Friday, March 6, 2020
Tonally “Greed” is a sticky wicket. It seems very much to be a satirical send-up of the billionaire class from writer/director Michael Winterbottom starring his frequent muse, Steve Coogan, who have made the “Trip” series of movies and TV show together.
Wearing a gloriously saturated spray tan and glaringly white fake teeth, Coogan’s Sir Richard “Greedy” McCreadie is a buffoonish figure with a hint of steel underneath. A wheeler-dealer extraordinaire, McCreadie is the self-proclaimed master of High Street, the center of the British fashion world.
His MO is famous: he swoops in and buys up a clothing brand, strips it of all its key assets to line his own pockets, then washes his hands when the enterprise topples. He uses the nefarious but perfectly legal levers of finance to essentially use a company’s own value to buy itself, passing off one debt to cover another.
The story centers on preparations for McCreadie’s massive 60th birthday party in Monaco. It’s a Mediterranean mecca of wealth where the rich and famous park their yachts and their assets in its tax-free haven.
The shindig promises to be a bacchanalian feast of delights and pomposity. Everyone is to dress in ancient Greek clothing – Sir Richard is a big fan of the film “Gladiator” -- and they’re even building a Parthenon to witness staged fights with a real lion. Alas, the lion seems old and meek and the cut-rate Bulgarians brought in to do the job are mucking it up.
Isla Fisher plays Samantha, McCreadie’s ex-wife. She’s the very picture of unearned privilege. Despite their divorce they remain quite close, in no small part because his business enterprise uses her as the primary stakeholder for those aforementioned tax cheats.
And it’s clear the old fires still burn, despite the fact each has hooked up with a younger, hot companion.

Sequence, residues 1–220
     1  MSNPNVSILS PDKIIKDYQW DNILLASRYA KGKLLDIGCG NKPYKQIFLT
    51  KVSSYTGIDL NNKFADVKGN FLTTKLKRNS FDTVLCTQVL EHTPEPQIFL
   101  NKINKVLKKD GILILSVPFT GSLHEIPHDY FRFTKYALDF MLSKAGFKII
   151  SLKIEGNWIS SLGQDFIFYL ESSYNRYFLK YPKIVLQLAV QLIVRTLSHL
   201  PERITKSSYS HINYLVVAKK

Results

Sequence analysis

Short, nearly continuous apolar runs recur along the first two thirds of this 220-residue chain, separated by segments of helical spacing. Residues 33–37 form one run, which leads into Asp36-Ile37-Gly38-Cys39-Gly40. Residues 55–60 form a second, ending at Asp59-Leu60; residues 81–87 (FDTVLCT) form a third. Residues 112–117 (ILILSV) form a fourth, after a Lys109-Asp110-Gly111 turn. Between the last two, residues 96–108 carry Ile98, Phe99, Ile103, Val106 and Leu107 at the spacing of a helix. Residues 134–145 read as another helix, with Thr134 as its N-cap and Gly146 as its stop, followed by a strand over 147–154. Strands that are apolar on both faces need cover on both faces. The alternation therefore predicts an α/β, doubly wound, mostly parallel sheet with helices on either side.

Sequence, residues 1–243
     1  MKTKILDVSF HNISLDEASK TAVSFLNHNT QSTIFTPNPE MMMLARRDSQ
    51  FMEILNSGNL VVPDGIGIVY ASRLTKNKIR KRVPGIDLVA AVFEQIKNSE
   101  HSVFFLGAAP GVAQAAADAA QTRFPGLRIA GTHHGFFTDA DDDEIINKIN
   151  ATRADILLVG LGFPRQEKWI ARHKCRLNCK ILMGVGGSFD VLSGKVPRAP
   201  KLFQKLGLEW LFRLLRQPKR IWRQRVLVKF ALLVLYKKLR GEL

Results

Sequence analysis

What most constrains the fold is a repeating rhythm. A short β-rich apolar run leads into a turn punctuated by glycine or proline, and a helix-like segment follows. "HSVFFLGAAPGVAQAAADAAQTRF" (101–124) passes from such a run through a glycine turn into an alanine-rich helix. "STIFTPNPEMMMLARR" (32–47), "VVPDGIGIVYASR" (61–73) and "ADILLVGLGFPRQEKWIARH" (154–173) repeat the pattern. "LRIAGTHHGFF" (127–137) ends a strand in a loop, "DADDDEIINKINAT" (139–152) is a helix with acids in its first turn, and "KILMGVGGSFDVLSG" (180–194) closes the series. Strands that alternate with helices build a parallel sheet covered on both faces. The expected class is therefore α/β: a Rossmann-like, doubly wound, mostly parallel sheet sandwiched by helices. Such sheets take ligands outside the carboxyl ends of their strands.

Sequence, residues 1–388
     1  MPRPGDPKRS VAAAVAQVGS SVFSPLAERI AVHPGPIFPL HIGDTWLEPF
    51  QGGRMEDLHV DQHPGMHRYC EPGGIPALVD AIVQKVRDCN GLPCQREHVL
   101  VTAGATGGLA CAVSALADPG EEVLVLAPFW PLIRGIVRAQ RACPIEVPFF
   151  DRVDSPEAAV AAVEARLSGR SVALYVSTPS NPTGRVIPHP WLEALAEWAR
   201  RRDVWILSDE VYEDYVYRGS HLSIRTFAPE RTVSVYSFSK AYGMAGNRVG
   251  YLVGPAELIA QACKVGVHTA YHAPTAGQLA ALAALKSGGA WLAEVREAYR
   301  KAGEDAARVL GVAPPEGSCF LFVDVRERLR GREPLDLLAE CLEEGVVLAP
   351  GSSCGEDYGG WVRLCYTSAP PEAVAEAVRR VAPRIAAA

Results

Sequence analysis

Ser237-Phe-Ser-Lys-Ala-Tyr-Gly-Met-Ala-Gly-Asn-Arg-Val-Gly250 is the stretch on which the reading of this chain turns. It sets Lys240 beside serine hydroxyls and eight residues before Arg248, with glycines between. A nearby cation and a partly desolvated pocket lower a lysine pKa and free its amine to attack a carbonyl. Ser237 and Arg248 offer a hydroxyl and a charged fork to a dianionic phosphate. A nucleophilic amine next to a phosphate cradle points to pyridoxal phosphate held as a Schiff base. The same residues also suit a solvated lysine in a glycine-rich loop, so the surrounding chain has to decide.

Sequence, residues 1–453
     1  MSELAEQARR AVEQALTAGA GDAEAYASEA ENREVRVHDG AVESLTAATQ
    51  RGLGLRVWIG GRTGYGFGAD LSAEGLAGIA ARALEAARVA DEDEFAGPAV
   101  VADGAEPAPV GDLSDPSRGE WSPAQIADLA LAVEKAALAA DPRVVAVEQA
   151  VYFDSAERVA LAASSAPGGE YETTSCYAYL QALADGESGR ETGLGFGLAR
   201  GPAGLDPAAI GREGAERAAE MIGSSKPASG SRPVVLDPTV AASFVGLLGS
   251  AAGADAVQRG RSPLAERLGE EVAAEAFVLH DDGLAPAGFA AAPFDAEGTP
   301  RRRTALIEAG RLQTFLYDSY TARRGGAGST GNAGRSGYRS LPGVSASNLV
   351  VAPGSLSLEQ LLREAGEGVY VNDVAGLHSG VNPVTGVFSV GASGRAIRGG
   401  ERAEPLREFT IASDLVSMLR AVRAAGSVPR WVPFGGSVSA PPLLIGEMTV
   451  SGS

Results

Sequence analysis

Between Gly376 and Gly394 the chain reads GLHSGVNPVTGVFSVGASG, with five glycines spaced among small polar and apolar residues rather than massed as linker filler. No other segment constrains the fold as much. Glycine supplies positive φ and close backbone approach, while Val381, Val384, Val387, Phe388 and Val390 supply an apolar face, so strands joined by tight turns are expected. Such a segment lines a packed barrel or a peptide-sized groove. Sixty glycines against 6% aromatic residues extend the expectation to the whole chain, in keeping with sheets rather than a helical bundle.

A couple of other framing stores mix in: flashbacks to an interrogation before a British Parliament committee, during which McCreadie flashes his famous contempt for his perceived lessers (which is everybody). And a mild-mannered writer, Nick (David Mitchell), has been hired to write McCreadie’s “official biography, so he hangs around in the background acting as the audience’s eyes and ears.
Dinita Gohil plays Amanda, an Indian-Brit who acts as the tycoon’s majordomo, trying to handle a thousand details for the impending party. Shirley Henderson is McCreadie’s mother, who carefully isntalled the chip on his shoulder long ago. Asa Butterfield plays Finn, the son who openly despises his dad, musing about his affinity for Oedipus.
In one of the more amusing side bits, Sophie Cookson plays the pampered daughter, Lily, who is trying desperately to launch her own “famous for being famous” brand a la the Kardashians. (McCreadie is vexed to learn Kim is richer than he is.) She has a reality TV crew following her around to film staged turmoil with her boyfriend.
That’s the world of the McCreadies: faked and overpriced.
It’s a typically on-point performance for Coogan, but the story tends to go into respective cycles where he’s constantly raining verbal abuse upon his staff (without ever actually firing anyone, strangely) or twisting elbows making deals.
“Say four and shake my hand,” is his go-to move for lowball offers.
Toward the last third “Greed” grows much angrier and sadder, as we’re asked not just to resent McCreadie and giggle at his excesses but condemn him for the way he leaves a wake of ruined prospects behind him. Problem is, we’ve spent 70 minutes or so laughing at him so it’s hard to suddenly take him seriously as a villain.
The movie ends with what must be the longest string of title cards I’ve ever seen, with all sorts of facts and figures about how big-name fashion brands exploit workers in developing countries, paying them a few quid a day to make clothes that sell for a hundred times that.
Mixing rage and laughter is a very tough amalgamation, and not one “Greed” pulls off very well. Despite plenty of nice pieces, this movie is less than the sum of its parts.